Lead As If All of Your Employees Are Volunteers

By Kristen Brady

The majority of companies aren’t startups, and even amongst the ones which are, most won’t have IPOs which make the founding talent rich. Many businesses just have staff, which it pays. Therefore, this vesting period often isn’t a problem. Talent, instead, is poached by social networks or recruiters or, heck, talent will take the initiative to discover something better. It’ll happen all year long, each year.

Guess what? As our economy picks up, this process too, will speed up.

Money always will be a factor for some individuals, and no matter what you attempt, some of the most talented performers are going to leave for a better offer financially. You probably can provide someone a 20 percent increase in pay to keep them; you more than likely can’t offer them a repeat amount of IPO riches.

 

However, for the majority of us, money only begins the conversation. It’ll absolutely get our attention. Offer someone too little, and they’ll take it as a slap in the face, or even that you are not serious. You will not get that initial interview.

However, there are so many more critical reasons to want to be employed with a company, and even more to remain with one that we have grown to love!

Team leaders, CEOs, and all people in between: if your employees do not love your company after 4 years of employment (or 4 months, or 4 quarters…), that is on you.

Does your company have the pick of the employee litter? Are your top employees dying to remain on board? If the answer is no, it is not that they are ungrateful, and it is not that your competition is luring them away. It is that, as a leader, you suck.

Act like every employee is a volunteer. Because basically, they are.

Leading Management Solutions is a healthcare management solutions company providing consulting and resources to healthcare managers. Contact us today at (407) 674-1916. Visit our website at www.lmshealthpro.com.

About the Author:

 

Kristen Brady is the founder and owner of Kaboom Social Media, your social media marketing and content specialists! Follow her on Twitter: @kb54927

Different Leadership Styles in the Workplace

Originally posted on January 24, 2017 at www.lmshealthpro.com.
By Anita Haridat, Ph. D

Previously, we have learned about various learning styles and the different personality traits that are often correlated with those styles. However, what about your leadership styles? While there are both advantages and disadvantages that may exist among each category, the goals and the overall culture may determine the best factors to take into consideration. Here are the most common styles of leadership:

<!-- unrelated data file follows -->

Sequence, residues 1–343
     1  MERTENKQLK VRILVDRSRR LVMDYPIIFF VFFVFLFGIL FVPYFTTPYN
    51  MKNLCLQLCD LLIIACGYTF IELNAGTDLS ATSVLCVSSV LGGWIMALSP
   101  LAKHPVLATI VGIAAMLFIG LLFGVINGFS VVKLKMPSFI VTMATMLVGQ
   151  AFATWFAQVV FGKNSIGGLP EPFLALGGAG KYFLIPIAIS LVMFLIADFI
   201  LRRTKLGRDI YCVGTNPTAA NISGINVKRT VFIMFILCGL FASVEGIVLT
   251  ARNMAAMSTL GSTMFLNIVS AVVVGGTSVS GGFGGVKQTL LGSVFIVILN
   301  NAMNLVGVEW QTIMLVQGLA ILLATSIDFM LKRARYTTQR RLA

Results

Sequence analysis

Laissez- Faire

For leaders who follow laissez-faire, there is a lack of supervision that is granted to employees. With this “hands off” approach, while there are some people who thrive in an environment where they do not have to answer to others, this may hinder business processes if there is no supervision efforts created. Examples of Laissez-Faire leaders include Steve Jobs, Ronald Reagan and Warren Buffet.

Pros: If team members are highly skilled, there is an ability to have an increase in passion along with intrinsic motivation.

Cons: Poorly defined roles, limited sense of cohesiveness

Personality traits that pertain to Laissez-Faire leadership: open to new experiences, extraverted, agreeable

Democratic or Participative

With this leadership style, there is an ability for team members to give their opinions in a proper manner, but there are also applicable leaders who make the final decisions. This type of leadership is beneficial because there is a strong chance to boost the morale of employees since their beliefs actually matter. Furthermore, if there are changes that should be made within a business, the leadership takes the time to assist the employees by implementing applicable protocols. Examples of democratic/participative leaders include the following: John F. Kennedy and Abraham Lincoln.

Pros: Most businesses can adhere to democratic/participative tactics, promotes creativity, helps to build strong teams

Cons: Time consuming to process ideas

Personality traits that pertain to Democratic/Participative leadership: agreeable, extraverted

Autocratic

This type of leadership is also known as authoritarian. One individual tends to have complete control over a business or an organization and there tends to be very limited input from the other employees. The decisions are often made based on the ideas and the different parameters that have been researched by the leader. In essence, there is complete control over the team members. Examples of autocratic leaders include: Genghis Khan and Queen Elizabeth I

Pros: decisions can be made in a rapid manner, employees have the ability to focus solely on the tasks that they have been designated, organization levels are high

Cons: Limited sense of motivation within the environment, limited morale, sense of dissatisfaction

Personality traits that pertain to autocratic leadership: neurotic and conscientious

 

Leading Management Solutions helps medical practice leaders identify ways to improve operations to increase revenue, employee engagement, and patient satisfaction. Learn more about us at www.lmshealthpro.com.

About the Author:

Anita Haridat has her Ph.D in healthcare/business administration and her master’s degree in clinical nutrition. She has several publications in sources such as EGO Magazine, Natural Awakenings Magazine, Syosset Patch, Our USA Magazine and many more. Her passion for health and wellness has created multiple stepping stones for paving the way of creating a positive well being. Her first book can be found here:

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